5. Any kind of storage or copying or making counterpart of the information required for the production in the court of law as electronic evidence should be free from any kind of distortion or manual edit or manipulation, it must be the authentic and trustworthy information, which may get admitted as evidence in the court of law.

Different types of electronic records

Information Technology Act, 2008 defines electronic records; it covers a wide range of formats in which data can be produced. DVD, CD, pen drives, telephonic recordings, hard drives, e-mails, pictures, video recordings, sound recordings, etc. are a few of them. Each of the above electronic records formats deals with a variety of different conditions relating to their evidentiary value and admissibility in a court of law. 

Evidence in the form of as DVD, CD, Hard-Drive, chip, Memory Chip, Pen Drive:

Above electronic records are admissible as primary as well as secondary evidence. The value evidence depends on how and in what manner the electronic records have been submitted to the court i.e. if these electronic records are submitted as it is then those have more value without any doubt but if you want to submit their copied version on other similar or different device then you have to comply with the conditions precedent under Sec. 65b of the Indian Evidence Act and get the certificate for its admission in the court. 

Audio and Video Recordings:

These electronic records are admissible if they are submitted in original i.e. original audio or video recordings are the valid and authentic source of electronic evidence and not the copied version. Their copied version records on other similar or different device have to comply with the conditions precedent under Sec 65B of the Indian Evidence Act and get the certificate for its admission in the court. 

Evidence generated through mobile phone in the form of media, calls and email: 

Email: It is recognized as a valid and authentic source of evidence. Generally, e-mails are submitted through print outs attached with the certification of u/s 65B of the Indian Evidence Act.

Media and calls generated through mobile phone: Nowadays, Mobile phones are very useful electronic device and very resourceful. It helps from tracing location, capturing videos & pictures, recording calls to many other electronic resources which aids the judicial and investigating system to get valuable evidence. Mobile phone’s electronic records are admissible if they are submitted in original i.e. mobile itself which contains the primary source of media and calls. Their copied version records on other similar or different device have to comply with the conditions precedent under sec. 65B of Indian Evidence Act and get the certificate for its admission in the court.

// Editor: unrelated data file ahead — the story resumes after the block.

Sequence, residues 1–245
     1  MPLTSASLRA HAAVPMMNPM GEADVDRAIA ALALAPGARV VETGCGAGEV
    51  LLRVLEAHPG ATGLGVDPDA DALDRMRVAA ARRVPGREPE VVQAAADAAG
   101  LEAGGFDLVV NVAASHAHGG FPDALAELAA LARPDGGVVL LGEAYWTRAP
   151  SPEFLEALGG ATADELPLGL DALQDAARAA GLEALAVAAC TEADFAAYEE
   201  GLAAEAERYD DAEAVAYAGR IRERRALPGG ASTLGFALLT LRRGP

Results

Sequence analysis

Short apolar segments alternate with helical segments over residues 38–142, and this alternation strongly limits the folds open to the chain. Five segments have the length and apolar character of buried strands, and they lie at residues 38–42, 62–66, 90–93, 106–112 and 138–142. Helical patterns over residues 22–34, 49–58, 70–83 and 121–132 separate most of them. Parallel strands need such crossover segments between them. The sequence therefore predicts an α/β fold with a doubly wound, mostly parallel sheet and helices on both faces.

Leading case laws

Arjun Pandit Rao v. Kailash Kushanrao (July 2020)

Apex court, in a recent judgment, ruled that u/s 65B Indian Evidence Act’s compliance is essential to admit the electronic record as evidence. The certificate submitted under this provision constitutes particulars of that electronic records and identity inclusive of authorized signature of a person having official responsibility in relation to the management and operation of the relevant device. 

Anvar P.V. v. P.K. Basheer And Others (2014)

The Apex Court has given a landmark judgment in this case. It had ruled and helped to resolve the conflicts judgements of various High Courts on the manner of the admissibility of the Electronic (record) evidence. 

The Supreme Court ruled that secondary data in CD/DVD/Pen Drive are admissible only with certificate U/s 65B (4) of the Indian Evidence Act. Oral evidence cannot prove the electronic evidence, certificate U/s 65B is essential to prove that. Also, the opinion of the expert U/s 45A Indian Evidence Act is not an escaping gate to bypass the procedure of u/s 65b. 

Producing the original or its copy or counterpart attached with certificate u/s 65B are the only optional to prove the electronic evidence as primary or secondary evidence respectively. 


Admissibility and evidentiary value of electronic records have to be adjudged within the ambit of U/s 65B Evidence Act. The Supreme Court through its various landmark judgements made it clear about the manner in which the electronic records shall be admissible and their evidentiary value in the trial of civil, criminal and other judicial proceedings.  

It is now crystal clear and fact that any electronic evidence if it is secondary evidence then it has to be complying with the provision of 65B of the Indian Evidence Act; it is generally not admissible in the court of law without a certificate. Electronic devices can play a very crucial role in the investigation but the value of that electronic evidence is dependent on its compliance with provisions of the Indian Evidence Act. 


  1. Indian Evidence Act, 1872
  2. Arjun Pandit Rao v. Kailash Kushanrao Civil Appeal No. 20825-20826 of 2017 – Judgment dated July 14, 2020
  3. Anvar P.V. v. P.K. Basheer And Others (2014 10 SCC 473)